Written and directed by the German filmmaker Christian Petzold, Yella is an intriguing, suspenseful mystery with a singular clarity of vision. It is constructed like a jigsaw puzzle and each scene cleverly fits together to reveal a film that is much more than the sum of its parts. Winner of the Silver Bear for Best Actress at the 2007 Berlinale, Nina Hoss delivers an excellent performance as the title character – a disillusioned woman desperate to free herself from an oppressive, unsuccessful marriage. Hoss imbues her character with a sombre, haunted quality, perfectly attuned to the subtleties of Petzold’s screenplay.
Yella attempts to flee her threatening husband, Ben (Hinnerk Schí¶nemann), and their failed business venture in East Germany for a new career and a new life in the West German city of Hanover. After a nightmare journey across the Elbe, a promised job turns out to be non-existent, the company that hired her now bankrupt. Through self-interest or sympathy, Philipp (Devid Striesow), a charismatic, ambitious businessman staying in the same hotel, offers Yella a position as his assistant. She soon becomes entangled in the cut-throat world of venture capital, negotiating deals to extend financing to start-up business ventures. But although capitalism forms the backdrop of the film, Petzold isn’t interested in making judgements about the world of finance and big business. These negotiations are really sly, duplicitous games that mirror the very nature and complexity of human relationships.
There is much more to Yella than its plot, and both colour and sound contribute subtle clues to the film’s intricacies. Petzold weaves these aesthetic elements into the fabric of the film, compelling the audience, as well as Yella, to play detective. The palette is composed of luminous, iridescent tones of green and red, with a crisp quality to the colour that evokes a heightened sense of reality. Breaking glass, the sound of rushing water, the rustling wind, bird song: all remind Yella of what she has endured, nudging her ever closer to the truth. She finds herself returning time and again to the river that divides East and West, her old life from her new.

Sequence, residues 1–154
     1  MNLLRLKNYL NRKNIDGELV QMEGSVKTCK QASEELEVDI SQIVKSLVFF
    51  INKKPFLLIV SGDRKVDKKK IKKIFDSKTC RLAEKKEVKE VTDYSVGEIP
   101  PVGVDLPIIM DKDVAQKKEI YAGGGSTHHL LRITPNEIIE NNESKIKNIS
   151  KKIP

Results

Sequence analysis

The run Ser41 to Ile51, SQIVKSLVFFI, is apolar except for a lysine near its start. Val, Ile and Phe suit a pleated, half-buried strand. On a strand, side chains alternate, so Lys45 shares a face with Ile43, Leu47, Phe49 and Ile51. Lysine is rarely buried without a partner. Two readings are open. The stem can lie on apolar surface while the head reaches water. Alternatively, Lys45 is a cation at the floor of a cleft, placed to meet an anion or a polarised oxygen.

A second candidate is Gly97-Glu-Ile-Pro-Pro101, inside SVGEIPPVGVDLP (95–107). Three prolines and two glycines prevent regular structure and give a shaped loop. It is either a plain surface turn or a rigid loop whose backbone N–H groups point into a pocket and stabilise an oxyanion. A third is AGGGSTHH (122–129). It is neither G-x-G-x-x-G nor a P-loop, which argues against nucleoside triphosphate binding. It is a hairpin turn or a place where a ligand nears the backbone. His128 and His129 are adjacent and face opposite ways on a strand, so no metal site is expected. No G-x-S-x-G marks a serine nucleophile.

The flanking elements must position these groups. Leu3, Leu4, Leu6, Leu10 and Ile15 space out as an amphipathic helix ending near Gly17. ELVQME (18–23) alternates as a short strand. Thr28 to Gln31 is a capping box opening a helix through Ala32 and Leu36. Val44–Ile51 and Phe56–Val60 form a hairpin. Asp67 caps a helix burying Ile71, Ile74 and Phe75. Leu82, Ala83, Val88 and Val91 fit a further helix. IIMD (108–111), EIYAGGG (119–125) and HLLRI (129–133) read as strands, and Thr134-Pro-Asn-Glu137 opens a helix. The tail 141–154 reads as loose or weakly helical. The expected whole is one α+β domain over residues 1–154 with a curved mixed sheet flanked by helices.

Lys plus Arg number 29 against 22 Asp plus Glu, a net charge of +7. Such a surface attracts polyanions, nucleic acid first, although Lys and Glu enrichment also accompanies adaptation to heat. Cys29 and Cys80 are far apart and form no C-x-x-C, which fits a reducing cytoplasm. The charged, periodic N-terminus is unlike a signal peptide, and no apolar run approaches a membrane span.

Yella, struggling to escape from her past, is haunted every step of the way by Ben. He follows her to Hanover, stalking her, emerging from the shadows to torment her. She is rescued once again by Philipp, who appears to be everything that Yella wanted from her husband: successful, confident, yet also gentle and considerate. He uncannily guesses that she left Ben because he was a failure, that she could no longer love someone who was ruined financially. Philipp holds a mirror up to Yella, forcing her to confront her desire for a big suburban home, a green Jaguar, a perfect child. She wants what she could never have on the other side of the river, what her husband could never have given her. Ben, like impoverished East Germany, is a ghost-like figure, left behind by those desperate for a better life in the West.
Yella is an almost metaphysical exploration that, frame by frame, spins out an intriguing narrative about the human condition. Petzold meticulously probes beneath the surface of Yella’s life, revealing universal truths about love, desire, greed and regret. It’s an intelligent, well-crafted and superbly acted film that lingers in the imagination long after the final credits have rolled.